Penn surpasses other Ivy schools in political lobbying


University has so far spent $382,513 this year on education industry in first two lobbying quarters




Penn has extended its reach on policy beyond Philadelphia to become the biggest lobbyist in the Ivy League.

In 2012, the University as a whole has so far spent $382,513 on the education industry throughout the first two lobbying quarters, according to the Center for Responsive Politics. The first two quarters extended from Jan. 1 to June 30, and the third quarter will end on Sept. 30.

The Trustees of the University of Pennsylvania have spent $292,513, and the School of Medicine — which has its own government affairs office — hires the firm Van Scoyoc Associates to lobby for it and has spent $90,000.

Yale University is second behind Penn with $260,000, and Harvard University in third with $250,000. Many other research and state universities have a presence in Washington.

“We do a lot to make our voice heard [in Washington],” University President Amy Gutmann said. “A lot of what happens there affects us.” A drastic cutback would negatively affect Penn because it would negatively affect costs, she said.

“There’s no one major initiative, no driving factor or anything we’ve been pushing,” Director of the Office of Government and Community Affairs Dawn Maglicco Deitch said.

The University owns a physical office a few blocks from Capitol Hill. This fall, Penn is paying special attention to presidential candidates’ policies on federal research funding in light of the election.

“Our main interest is the business of higher education policy advocacy,” Deitch said. “The public money that supports research is important to us.”

Issues of importance

According to Deitch, one reason for an increase in lobbying money over the past few years are new regulations on reporting lobbying activity. The Honest Leadership and Open Government Act was enacted in September 2007 and significantly changed the requirements for lobby reports.

“A lot of those [requirements] weren’t created with higher educational institutions in mind or even very large nonprofits,” she said. Since HLOGA took effect, Penn has been adjusting to follow the regulations that Deitch said are better designed for a private lobbying firm.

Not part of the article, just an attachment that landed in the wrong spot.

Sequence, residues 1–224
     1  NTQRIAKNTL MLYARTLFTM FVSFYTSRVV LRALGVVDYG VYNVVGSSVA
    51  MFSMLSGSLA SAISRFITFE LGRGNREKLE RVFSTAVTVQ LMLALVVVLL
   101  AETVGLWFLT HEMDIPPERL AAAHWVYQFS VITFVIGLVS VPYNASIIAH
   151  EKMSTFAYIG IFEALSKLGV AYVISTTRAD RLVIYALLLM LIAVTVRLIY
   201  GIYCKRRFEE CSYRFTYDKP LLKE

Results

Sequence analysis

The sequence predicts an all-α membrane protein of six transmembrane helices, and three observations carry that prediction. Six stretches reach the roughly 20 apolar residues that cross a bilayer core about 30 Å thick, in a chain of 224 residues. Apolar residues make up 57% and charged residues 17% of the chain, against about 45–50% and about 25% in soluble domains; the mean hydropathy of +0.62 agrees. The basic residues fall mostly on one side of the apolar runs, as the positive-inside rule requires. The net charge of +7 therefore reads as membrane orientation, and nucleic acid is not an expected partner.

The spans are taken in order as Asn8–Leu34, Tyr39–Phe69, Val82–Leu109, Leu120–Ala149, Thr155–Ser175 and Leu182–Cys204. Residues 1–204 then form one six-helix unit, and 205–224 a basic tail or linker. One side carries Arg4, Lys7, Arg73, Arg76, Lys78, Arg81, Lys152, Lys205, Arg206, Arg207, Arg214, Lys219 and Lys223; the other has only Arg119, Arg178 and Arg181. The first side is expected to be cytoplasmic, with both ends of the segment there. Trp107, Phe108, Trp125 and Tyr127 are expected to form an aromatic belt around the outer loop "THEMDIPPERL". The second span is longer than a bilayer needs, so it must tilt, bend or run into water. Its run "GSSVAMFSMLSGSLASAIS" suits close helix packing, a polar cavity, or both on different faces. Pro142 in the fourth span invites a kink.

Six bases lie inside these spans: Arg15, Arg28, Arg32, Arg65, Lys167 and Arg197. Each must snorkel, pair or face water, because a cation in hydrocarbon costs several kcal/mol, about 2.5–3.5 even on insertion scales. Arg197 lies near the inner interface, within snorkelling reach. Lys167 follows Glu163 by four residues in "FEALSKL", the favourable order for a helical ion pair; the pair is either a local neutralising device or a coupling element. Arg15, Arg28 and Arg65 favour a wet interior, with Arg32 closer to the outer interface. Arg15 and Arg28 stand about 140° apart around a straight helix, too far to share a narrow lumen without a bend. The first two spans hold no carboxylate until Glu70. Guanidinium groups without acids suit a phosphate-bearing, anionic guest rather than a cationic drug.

Annenberg School for Communications professor Alvin Felzenberg cited Penn’s diverse schools and “tremendous faculty” as part of the reason behind their lobbying prowess.

Federal funds made up approximately 80 percent of the $900 million Penn received in total research awards in the 2011 fiscal year. State and local governments, foundations, associations and private industry comprised the remaining 20 percent.

Gutmann cited federal funding for research as one of the three biggest issues for Penn in the presidential election.

Two reports filed in 2012 by OGCA vice president Jeffrey Cooper details what issues Penn has lobbied on so far this year, accounting for the $292,513 spent.

Some issues Penn has lobbied on are directly related to Penn’s 12 schools, such as advocating for working and detection dogs and research for the School of Veterinary Medicine.

So far, Penn has also lobbied on “issues in support of [the] Startup Act 2.0” and on the Budget Control Act of 2011, specifically on “appropriations for grant-making agencies in support of scientific research.”

Unrelated to a specific bill, Penn lobbied on biomedical innovation, research and competitiveness.

Penn also lobbied for general higher education policy. It lobbied for federal financial aid and the TRIO Programs, which are federal programs that provide services for students from “disadvantaged backgrounds.”

Some of Penn’s lobbying efforts went towards medical issues. It lobbied on the sustainable growth rate, doctor fix and inpatient prospective payment role rule of the Affordable Care Act. It also advocated on state health technology regulations, medical ethics, hospital outpatient department payments and end of life care proposals. Penn involved itself in Medicare and Medicaid, specifically.

The University ventured into taxes when it lobbied on HR 3630, or the Middle Class Tax Relief and Job Creation Act of 2012. One lobbying entry was for S3187, or the Food and Drug Safety and Innovation Act. Penn specifically cared about drug shortages and repackaging requirements.

Penn does not advocate alone. The University is a member of the Association of American Universities, an organization comprised of 61 research universities from the U.S. and Canada. Gutmann sits on the AAU executive committee.

The AAU works on policymaking regarding issues such as education, science and security, humanities, intellectual property and tax issues, according to its website.

“We engaged in the AAU because of its ability to represent our institutional interests,” Deitch said.

Deitch explained that while Penn has a relationship with lawmakers who represent its district, the University tries to remain open to all lawmakers and represent aspects of the University to all of them.